Sadly now, we have to face a dramatic change globally. China has to spend a lot of efforts to deal with this change. The process for continuous development has been interrupted.
Because of this change, we have to face a series of traps:
First the trap for arms race. In case of a cold war, an arms race could be part of that. That costs money. A B2 bomber costs at least 2 billion US dollars; ten would cost 140 billion yuan.
Second, the trap for self-reliance. With that, technological blockade is sure thing. Some people are still proud of Chairman Mao’s age when we were blocked for 8-10 years. Some state media even said China would welcome a spring of self-reliance. But we must be cool-minded: self-reliance is when we have no way out; self-reliance will waste lots of time and resources.
Third, the trap for choices. Cold war is a state of adversary. China has little room to move about with that, and its road for development will be narrower. We must be aware of possible changes, and think of how to get away from the trap with logic.
In short, 2019 will be a time of high uncertainties.
We have the questions in 2018, and we need the answers in 2019. The process for responses has a lot of uncertainties.
First, background uncertainty. The two things I have just mentioned: the trade war and cold war -both have their high uncertainties. We must be sure of our aim for development: for competition with outside forces or for improving the well-being of our people? We need to take this seriously.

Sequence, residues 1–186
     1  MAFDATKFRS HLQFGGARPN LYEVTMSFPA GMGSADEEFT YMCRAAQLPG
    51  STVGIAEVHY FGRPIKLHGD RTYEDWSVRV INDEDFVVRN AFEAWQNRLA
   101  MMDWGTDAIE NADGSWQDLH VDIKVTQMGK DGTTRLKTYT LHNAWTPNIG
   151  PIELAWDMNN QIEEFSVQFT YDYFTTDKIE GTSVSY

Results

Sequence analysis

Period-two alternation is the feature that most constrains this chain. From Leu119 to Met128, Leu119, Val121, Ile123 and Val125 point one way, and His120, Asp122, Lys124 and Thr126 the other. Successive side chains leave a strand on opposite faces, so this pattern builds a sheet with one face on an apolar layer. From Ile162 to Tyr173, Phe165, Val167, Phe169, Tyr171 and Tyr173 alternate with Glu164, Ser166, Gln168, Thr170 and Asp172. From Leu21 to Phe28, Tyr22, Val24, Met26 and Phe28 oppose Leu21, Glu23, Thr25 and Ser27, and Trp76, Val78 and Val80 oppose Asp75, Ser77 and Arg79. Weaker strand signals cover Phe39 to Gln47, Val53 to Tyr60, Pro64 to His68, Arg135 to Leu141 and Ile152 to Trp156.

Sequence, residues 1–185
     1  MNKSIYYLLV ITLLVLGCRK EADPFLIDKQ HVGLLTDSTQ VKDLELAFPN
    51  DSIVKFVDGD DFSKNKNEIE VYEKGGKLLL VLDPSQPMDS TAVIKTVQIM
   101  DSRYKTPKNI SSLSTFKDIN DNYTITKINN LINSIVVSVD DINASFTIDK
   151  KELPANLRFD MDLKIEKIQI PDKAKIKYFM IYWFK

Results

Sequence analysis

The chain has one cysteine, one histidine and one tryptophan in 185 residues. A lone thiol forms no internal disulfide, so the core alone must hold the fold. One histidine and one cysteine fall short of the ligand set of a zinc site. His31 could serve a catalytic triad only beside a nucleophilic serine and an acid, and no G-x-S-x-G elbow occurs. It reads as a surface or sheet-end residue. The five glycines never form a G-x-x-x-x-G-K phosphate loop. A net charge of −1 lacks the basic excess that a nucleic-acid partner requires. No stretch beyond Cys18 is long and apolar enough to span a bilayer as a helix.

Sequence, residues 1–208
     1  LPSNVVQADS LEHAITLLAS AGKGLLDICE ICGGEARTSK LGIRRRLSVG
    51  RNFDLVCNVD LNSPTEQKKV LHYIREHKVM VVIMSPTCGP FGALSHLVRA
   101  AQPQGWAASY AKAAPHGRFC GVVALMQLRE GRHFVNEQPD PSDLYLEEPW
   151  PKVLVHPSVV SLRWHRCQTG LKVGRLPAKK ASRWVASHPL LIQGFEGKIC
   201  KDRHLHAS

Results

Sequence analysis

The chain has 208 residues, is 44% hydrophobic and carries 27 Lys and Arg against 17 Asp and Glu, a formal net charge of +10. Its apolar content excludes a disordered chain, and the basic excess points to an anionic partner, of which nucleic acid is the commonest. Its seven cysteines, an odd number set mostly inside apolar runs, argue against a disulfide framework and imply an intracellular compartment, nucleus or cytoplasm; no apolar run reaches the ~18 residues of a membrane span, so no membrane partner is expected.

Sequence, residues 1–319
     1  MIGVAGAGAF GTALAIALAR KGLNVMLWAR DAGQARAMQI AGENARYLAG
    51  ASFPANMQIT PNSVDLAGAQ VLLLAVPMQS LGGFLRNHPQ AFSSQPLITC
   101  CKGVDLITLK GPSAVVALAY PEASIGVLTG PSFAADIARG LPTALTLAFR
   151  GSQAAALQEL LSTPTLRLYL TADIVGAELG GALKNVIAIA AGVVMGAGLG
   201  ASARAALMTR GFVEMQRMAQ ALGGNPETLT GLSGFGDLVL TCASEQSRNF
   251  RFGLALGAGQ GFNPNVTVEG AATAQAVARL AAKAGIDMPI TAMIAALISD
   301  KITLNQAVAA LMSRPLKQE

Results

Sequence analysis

Second, uncertainty in direction. If we don’t know which direction to go, we won’t know how to choose -shall we let the force of market work the wonders or shall we let the power of the government play a bigger role? In other words, shall China go towards a dictatorship or democracy- how are we going to deal with those challenges and crisis? That is highly uncertain.
Third, systematic uncertainty. Shall we have a revolution by reforms or return to the old system? How to make our choices in front of related questions. This is also highly uncertain, but we must make our choice.
Fourth, uncertainty in policies. These are very realistic problems for 2019. I think we shall reset our thinking in what road China should be taking.
For future development, we must think of those big problems. China’s future relies on peace and cooperation with the world’s nations. It relies on a rebuild with the country’s private wealth. If the above problems cannot be solved, technical or policy measures won’t bring about the solutions.
By Sun Liping
Translation by staff writer
Sun Liping is a professor of the Sociology Department of Tsinghua University. He was also the PhD supervisor of President Xi Jinping.